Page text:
The growing pressure has stirred debate in the West about when Iran will reach its "economic drop dead date" — when its currency reserves are so low that it can't meet its budget or take care of other key tasks, such as intervening to prop up its currency.
Mark Dubowitz, an energy specialist at the pro-sanctions Foundation for Defense of Democracies, says Tehran's refusal to give ground so far shows that "Iranian nuclear physics is beating out Western economics — they're not yet feeling such severe pressure that they feel they have to compromise."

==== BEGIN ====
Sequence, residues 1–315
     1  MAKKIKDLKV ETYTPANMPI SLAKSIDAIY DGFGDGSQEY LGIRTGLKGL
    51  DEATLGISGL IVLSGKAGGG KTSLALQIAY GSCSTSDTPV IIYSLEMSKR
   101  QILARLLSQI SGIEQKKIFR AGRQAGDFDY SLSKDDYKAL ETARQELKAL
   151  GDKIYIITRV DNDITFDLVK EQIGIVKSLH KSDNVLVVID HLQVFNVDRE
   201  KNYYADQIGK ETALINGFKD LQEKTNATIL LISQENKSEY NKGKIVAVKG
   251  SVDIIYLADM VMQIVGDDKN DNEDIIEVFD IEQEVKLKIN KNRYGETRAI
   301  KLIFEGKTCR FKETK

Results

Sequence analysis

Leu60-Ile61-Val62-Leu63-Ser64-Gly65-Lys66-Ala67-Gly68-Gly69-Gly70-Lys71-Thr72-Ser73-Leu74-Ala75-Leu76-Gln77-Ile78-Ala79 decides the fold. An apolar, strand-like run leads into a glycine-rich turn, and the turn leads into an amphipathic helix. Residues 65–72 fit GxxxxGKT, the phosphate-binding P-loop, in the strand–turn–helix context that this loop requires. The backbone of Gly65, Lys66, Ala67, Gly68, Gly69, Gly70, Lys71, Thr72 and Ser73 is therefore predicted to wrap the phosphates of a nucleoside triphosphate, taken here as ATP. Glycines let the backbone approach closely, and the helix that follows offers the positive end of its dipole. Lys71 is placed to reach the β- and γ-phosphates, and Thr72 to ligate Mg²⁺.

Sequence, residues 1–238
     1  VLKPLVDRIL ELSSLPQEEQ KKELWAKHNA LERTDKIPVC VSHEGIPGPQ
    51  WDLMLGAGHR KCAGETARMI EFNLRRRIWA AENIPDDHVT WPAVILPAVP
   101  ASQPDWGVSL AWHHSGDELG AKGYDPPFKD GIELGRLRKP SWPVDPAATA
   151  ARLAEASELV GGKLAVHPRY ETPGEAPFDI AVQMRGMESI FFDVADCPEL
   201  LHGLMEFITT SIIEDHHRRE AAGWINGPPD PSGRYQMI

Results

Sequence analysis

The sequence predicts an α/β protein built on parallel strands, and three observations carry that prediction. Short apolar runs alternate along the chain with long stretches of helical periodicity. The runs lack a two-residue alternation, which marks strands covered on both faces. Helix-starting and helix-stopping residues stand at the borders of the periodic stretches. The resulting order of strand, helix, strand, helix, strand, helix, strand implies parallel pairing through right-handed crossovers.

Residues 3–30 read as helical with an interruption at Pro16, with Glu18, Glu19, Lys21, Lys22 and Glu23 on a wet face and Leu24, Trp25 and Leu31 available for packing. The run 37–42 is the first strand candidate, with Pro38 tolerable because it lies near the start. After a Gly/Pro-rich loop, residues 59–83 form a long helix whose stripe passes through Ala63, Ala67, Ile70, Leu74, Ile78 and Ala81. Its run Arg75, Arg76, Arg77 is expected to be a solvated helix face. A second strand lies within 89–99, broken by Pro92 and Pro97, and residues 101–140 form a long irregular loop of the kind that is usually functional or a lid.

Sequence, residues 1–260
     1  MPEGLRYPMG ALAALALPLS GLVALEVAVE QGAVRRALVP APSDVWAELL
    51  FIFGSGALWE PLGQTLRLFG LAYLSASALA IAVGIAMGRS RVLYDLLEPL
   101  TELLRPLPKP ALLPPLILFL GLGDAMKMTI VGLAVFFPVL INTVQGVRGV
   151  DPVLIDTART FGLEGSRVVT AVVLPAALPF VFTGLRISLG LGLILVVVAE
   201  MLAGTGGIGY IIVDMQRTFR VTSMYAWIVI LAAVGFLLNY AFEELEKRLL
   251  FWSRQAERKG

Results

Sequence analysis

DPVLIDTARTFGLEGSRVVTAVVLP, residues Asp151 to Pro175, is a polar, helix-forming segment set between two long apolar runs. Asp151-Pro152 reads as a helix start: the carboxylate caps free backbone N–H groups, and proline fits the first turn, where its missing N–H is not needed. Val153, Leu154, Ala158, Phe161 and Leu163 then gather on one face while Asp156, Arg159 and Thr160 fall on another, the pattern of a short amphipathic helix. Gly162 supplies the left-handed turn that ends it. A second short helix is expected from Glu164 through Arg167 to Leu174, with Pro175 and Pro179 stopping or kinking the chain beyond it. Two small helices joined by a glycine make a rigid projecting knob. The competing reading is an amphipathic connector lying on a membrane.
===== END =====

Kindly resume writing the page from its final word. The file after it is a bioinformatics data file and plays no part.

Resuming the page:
He said it could take until the end of 2013 to bring Iran's economy to wholesale collapse.
The European oil embargo, which goes into effect Sunday, will deprive Iran of 18% of former oil sales. India, Japan and most other major customers already have begun cutting purchases of Iranian oil, partly because they could face U.S. sanctions if they don't.
The Obama administration has waived sanctions against 18 countries that have substantially shifted their oil supply from Iran to Saudi Arabia or other producers. Analysts say it appears likely the administration will also grant a waiver to China, Iran's biggest customer, which cut purchases of Iranian oil sharply in the first quarter.